I believe you surely misunderstood it. No, I ‘m not saying that. I ‘m not saying and I didn’t say that the fictional name Γαβριάς became a New Greek surname, though it seems possible. Γαβριάς is just a first name inside the Greek translation of Hugo’s novel “Les Miserables” and it was the first Greek translator of Hugo’s novel (the same who translated “Les Miserables” as “Οι Άθλιοι”) who rendered as Γαβριάς the name Gavroche of the smart and carefree gamin who was killed in the street barricades during the 1832 uprising in Paris. Following the novel’s success, the word γαβριάς entered the everyday language as a common noun meaning the smart, vivid and carefree gamin (already dated). And all these are not said by me, but by the Babiniotis’ Dictionary of the Modern (New) Greek Language, the Triantaphyllides’ Dictionary of the Common Modern (New) Greek, the Papyrus-Larousse Encyclopaedic Dictionary, the Βικιλεξικό, etc, etc, etc.

    I believe Γαβριάς (name) is variant of the Medieval Gr. Γαβράς.
    Of course, one may believe whatever s/he thinks is correct; however, there’s no evidence that Γαβριάς is a variant of the surname of the aristocratic Byzantine family of Γαβράδες. Anyway, according to Κ. Άμαντος, the well-respected Byzantinist, the surname Γαβράς perhaps derives from the name Γαβριήλ. If you are aware of any other reliable sources giving more details on this matter, it would be useful that they be cited.

    .
     
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    sotos

    Senior Member
    Greek
    Of course, one may believe whatever s/he thinks is correct; however, there’s no evidence that Γαβριάς is a variant of the surname of the aristocratic Byzantine family of Γαβράδες. Anyway, according to Κ. Άμαντος, the well-respected Byzantinist, the surname Γαβράς perhaps derives from the name Γαβριήλ. If you are aware of any other reliable sources giving more details on this matter, it would be useful that they be cited.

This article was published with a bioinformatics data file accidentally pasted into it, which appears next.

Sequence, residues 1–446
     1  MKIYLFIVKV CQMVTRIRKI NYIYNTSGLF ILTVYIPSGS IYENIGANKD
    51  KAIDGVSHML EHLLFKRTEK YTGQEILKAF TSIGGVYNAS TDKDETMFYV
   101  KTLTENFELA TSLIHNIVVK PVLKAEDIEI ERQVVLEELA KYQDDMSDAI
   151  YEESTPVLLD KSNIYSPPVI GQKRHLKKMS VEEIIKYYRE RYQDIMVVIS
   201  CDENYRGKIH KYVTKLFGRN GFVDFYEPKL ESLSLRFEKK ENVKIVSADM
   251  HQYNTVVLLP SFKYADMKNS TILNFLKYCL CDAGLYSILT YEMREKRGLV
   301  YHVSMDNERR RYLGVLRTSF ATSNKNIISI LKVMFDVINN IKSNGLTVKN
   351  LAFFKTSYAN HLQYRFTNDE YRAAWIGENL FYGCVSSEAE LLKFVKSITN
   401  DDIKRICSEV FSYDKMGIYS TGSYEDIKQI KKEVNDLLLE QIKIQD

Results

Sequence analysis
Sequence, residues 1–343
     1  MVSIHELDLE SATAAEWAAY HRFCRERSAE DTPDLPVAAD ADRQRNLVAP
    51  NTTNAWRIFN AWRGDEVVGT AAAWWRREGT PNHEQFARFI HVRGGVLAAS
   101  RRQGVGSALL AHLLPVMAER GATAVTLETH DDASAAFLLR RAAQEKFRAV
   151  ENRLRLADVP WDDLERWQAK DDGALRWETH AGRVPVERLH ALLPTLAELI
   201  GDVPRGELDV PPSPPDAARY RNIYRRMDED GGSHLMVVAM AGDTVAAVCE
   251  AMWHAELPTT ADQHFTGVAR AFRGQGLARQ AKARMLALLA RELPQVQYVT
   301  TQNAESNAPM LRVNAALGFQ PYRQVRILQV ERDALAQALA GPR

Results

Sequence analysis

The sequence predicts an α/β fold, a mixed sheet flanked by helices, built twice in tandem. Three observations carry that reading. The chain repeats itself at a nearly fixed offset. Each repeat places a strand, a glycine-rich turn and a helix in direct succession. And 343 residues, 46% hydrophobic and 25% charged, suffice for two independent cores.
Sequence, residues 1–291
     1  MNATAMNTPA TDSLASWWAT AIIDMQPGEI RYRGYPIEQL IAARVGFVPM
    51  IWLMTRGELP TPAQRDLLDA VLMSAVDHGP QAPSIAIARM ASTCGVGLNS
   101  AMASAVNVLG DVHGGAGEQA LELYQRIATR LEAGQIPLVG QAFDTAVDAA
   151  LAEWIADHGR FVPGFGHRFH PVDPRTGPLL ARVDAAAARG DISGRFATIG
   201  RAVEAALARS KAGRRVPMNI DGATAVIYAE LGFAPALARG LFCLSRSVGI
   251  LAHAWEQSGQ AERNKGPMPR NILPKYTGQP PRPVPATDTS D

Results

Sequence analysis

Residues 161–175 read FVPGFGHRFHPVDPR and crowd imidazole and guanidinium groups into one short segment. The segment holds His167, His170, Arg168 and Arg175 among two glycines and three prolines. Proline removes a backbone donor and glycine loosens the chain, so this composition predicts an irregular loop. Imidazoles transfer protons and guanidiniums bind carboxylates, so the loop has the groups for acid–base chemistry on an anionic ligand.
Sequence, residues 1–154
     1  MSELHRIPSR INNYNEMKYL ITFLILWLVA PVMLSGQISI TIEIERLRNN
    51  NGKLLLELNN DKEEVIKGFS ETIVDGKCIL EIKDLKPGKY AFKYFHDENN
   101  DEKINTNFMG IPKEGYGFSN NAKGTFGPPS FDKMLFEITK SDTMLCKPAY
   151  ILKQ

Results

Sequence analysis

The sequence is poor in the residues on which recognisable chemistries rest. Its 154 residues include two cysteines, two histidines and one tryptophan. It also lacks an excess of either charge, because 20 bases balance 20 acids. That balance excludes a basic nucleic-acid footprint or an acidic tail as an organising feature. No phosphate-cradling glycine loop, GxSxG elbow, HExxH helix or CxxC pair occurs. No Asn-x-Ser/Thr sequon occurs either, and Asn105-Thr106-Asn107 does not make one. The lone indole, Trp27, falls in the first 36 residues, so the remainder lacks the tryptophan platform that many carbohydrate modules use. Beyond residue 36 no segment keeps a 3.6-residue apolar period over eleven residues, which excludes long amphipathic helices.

.
    Certainly, but given that this forum is not a place for scientific publications, and that I may have a small percentage of Amantos' command of Greek language, I expressed the above opinion, having in mind similar cases like Ladas/Ladias, Krasas/Krasias, Kastanas/Kastanias etc.
     

    ioanell

    Senior Member
    Greek
    given that this forum is not a place for scientific publications, and that I may have a small percentage of Amantos' command of Greek language, I expressed the above opinion
    And you did very well. I didn’t blame you for having any opinion, I just invited you to cite any other useful sources you might have in mind in relation to this matter. Of course, this forum -as any other in WR- is not a place for scientific publications (and I didn’t upload one), but this doesn’t mean that one -either me or you or any other poster- should get offended if some other posters refer to well-respected authors, scientific titles or links which can make the correction of a wrong opinion or belief easier; besides, this is, I believe, the purpose of the discussions within the forums, isn’t it; otherwise, mistaken beliefs/opinions will remain mistaken, is this the purpose of a discussion? Anyway, you are welcome to correct any opinion/post of mine, provided the correction, in order to be well-grounded, isn’t just a personal opinion, but refers to an author/scientific work/link outside the forum.